In a world that is often filled with chaos and uncertainty, ballet class brings structure and accountability into life. More often than not, a child who has grown up with ballet establishes the key principles in her value system that lead to success; much of that begins with discipline in her foundation.
Discipline, as defined, “the practice of training people to obey rules or a code of behavior” may sound rigid or off-putting. However, I’ve always been a firm believer that one must learn the rules, before she can break them, and this I believe to be very true in the dance setting.
When a teacher leads a class, the tone is set by her. The way she speaks, the way she interacts, the way she inspires. Every moment that is spent in front of a room of students is an opportunity to help them learn to think, grow and thrive. Discipline in the weekly classroom, where expectations are set and demanded, will later, transfer into individuals who are capable of being self-disciplined in their choices outside of the classroom. Discipline is taught. Discipline is setting the example.
More and more children are being encouraged to feel and think outside of the box. To be empowered by their own greatness. The truth is, many of us grew up with empowerment because we had teachers who demanded we work hard in a very disciplined environment, ballet class.
I believe in accountability. It makes students learn that their outcomes are a result of their actions. Not everyone is capable of hard work equating to a professional ballet career, but everyone is capable of hard work making them better. I believe in structure. Especially when young, children need consistency. As a child, showing up to a class where a devoted individual awaits to help you learn and grow, is a gift. I believe in discipline. The world is filled with rules. Learning early in a class setting by way of an art that has been formulated around cognitive and physical rules is indeed, empowering.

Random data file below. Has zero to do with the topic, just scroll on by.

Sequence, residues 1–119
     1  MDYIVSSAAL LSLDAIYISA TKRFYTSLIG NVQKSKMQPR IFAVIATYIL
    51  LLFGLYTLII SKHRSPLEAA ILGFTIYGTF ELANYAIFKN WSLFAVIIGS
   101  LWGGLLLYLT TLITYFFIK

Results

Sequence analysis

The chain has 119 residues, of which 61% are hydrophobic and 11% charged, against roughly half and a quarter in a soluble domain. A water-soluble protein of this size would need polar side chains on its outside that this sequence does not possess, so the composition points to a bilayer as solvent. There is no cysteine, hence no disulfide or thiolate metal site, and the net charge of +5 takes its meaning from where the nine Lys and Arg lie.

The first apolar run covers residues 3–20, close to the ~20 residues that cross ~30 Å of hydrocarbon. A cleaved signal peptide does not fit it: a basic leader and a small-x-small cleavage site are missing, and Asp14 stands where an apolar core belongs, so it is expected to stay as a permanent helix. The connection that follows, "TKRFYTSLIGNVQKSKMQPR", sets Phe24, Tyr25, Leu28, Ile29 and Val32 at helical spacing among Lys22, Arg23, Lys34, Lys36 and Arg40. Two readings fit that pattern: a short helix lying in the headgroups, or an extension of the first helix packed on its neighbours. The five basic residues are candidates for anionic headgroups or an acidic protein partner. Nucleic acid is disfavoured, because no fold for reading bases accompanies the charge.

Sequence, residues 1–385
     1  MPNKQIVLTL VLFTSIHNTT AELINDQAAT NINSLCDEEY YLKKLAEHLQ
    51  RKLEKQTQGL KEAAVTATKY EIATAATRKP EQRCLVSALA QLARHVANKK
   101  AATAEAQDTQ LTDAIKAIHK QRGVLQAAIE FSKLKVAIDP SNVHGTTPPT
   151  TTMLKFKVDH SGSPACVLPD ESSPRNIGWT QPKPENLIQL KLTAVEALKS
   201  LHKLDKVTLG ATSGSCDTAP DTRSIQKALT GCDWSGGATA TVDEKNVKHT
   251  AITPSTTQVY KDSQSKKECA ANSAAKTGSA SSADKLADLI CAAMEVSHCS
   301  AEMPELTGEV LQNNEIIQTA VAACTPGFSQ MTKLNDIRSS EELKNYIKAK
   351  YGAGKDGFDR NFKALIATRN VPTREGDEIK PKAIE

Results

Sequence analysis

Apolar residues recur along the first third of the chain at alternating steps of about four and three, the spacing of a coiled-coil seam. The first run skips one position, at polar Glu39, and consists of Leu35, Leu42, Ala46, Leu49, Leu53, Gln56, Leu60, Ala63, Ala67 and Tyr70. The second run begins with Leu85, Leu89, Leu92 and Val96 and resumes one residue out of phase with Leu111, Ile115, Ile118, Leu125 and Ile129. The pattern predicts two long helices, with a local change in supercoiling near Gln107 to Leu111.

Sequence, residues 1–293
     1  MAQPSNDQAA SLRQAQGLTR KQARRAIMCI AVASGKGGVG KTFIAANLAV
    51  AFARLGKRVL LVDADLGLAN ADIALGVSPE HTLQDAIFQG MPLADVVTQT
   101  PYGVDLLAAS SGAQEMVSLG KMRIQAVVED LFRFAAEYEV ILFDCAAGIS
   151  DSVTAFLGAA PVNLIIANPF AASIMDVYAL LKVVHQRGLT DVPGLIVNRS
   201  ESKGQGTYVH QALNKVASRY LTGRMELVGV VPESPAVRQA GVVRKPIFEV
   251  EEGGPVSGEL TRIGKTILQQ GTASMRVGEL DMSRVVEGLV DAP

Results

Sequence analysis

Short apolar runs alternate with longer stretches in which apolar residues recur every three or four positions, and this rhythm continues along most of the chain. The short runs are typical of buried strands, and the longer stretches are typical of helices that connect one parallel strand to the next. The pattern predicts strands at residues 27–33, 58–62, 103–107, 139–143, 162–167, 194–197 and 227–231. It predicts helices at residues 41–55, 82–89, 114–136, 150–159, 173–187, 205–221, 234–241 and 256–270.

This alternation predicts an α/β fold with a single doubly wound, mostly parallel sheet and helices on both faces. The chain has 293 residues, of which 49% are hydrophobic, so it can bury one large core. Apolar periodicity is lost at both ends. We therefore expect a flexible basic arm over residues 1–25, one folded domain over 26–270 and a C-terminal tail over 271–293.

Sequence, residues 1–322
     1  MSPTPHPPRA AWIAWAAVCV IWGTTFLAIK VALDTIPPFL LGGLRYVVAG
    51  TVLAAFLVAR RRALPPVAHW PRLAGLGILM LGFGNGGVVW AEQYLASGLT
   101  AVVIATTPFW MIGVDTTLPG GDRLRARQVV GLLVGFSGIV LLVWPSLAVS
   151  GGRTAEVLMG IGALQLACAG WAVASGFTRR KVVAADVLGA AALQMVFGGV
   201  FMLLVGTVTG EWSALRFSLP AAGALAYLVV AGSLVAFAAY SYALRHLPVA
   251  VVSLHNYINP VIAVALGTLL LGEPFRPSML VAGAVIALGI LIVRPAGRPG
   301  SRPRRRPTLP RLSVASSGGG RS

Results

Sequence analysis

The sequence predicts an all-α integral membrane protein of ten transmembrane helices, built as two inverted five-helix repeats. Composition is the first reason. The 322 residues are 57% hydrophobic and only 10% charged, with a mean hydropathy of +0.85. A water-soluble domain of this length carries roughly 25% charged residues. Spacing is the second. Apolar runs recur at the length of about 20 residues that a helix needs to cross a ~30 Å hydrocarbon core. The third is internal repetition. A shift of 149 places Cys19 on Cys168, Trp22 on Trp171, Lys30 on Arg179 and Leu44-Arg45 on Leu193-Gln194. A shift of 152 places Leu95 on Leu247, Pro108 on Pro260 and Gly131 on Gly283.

In life, as adults, we often goal set. When we reach an accomplishment, it feels great. When we meet one goal, we set another. That is the ballet classroom. That is exactly what ballet does. It’s little daily goals that one constantly strives toward. That is discipline. It wouldn’t be possible to set a goal and meet it without having to discipline oneself in such a way to make the goal attainable.
Then, when it comes time to think outside the box, to achieve one’s own greatness, to think, create and form original ideas and opinions, to create art; one can move forward with confidence, because she put in the work.
I believe in discipline for children and all that it has to offer. I know that the benefits of ballet go far beyond the physical and the cognitive. When I teach, I keep these things in mind. It’s the daily simple tasks of greeting your teacher when you enter a room, being respectful of classmates as they take their turn across the floor, being mindful of your body language. These are the gifts of ballet that will serve one well for the rest of her life.